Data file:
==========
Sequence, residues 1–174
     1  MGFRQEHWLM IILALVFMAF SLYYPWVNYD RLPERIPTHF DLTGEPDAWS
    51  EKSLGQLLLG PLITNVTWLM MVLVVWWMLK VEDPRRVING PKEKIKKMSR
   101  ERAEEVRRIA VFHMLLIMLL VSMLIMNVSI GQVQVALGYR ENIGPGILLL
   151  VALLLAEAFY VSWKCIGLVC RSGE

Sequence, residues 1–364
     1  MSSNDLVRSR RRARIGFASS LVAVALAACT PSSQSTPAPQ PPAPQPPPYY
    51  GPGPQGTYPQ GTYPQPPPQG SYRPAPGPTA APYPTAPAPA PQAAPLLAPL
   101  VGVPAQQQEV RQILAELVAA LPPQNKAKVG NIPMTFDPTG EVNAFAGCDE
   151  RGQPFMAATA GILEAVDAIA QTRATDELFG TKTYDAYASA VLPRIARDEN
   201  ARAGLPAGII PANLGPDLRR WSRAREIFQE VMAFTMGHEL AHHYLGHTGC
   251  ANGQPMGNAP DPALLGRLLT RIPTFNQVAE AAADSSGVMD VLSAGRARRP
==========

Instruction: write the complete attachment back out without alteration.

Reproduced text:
Sequence, residues 1–174
     1  MGFRQEHWLM IILALVFMAF SLYYPWVNYD RLPERIPTHF DLTGEPDAWS
    51  EKSLGQLLLG PLITNVTWLM MVLVVWWMLK VEDPRRVING PKEKIKKMSR
   101  ERAEEVRRIA VFHMLLIMLL VSMLIMNVSI GQVQVALGYR ENIGPGILLL
   151  VALLLAEAFY VSWKCIGLVC RSGE

Sequence, residues 1–364
     1  MSSNDLVRSR RRARIGFASS LVAVALAACT PSSQSTPAPQ PPAPQPPPYY
    51  GPGPQGTYPQ GTYPQPPPQG SYRPAPGPTA APYPTAPAPA PQAAPLLAPL
   101  VGVPAQQQEV RQILAELVAA LPPQNKAKVG NIPMTFDPTG EVNAFAGCDE
   151  RGQPFMAATA GILEAVDAIA QTRATDELFG TKTYDAYASA VLPRIARDEN
   201  ARAGLPAGII PANLGPDLRR WSRAREIFQE VMAFTMGHEL AHHYLGHTGC
   251  ANGQPMGNAP DPALLGRLLT RIPTFNQVAE AAADSSGVMD VLSAGRARRP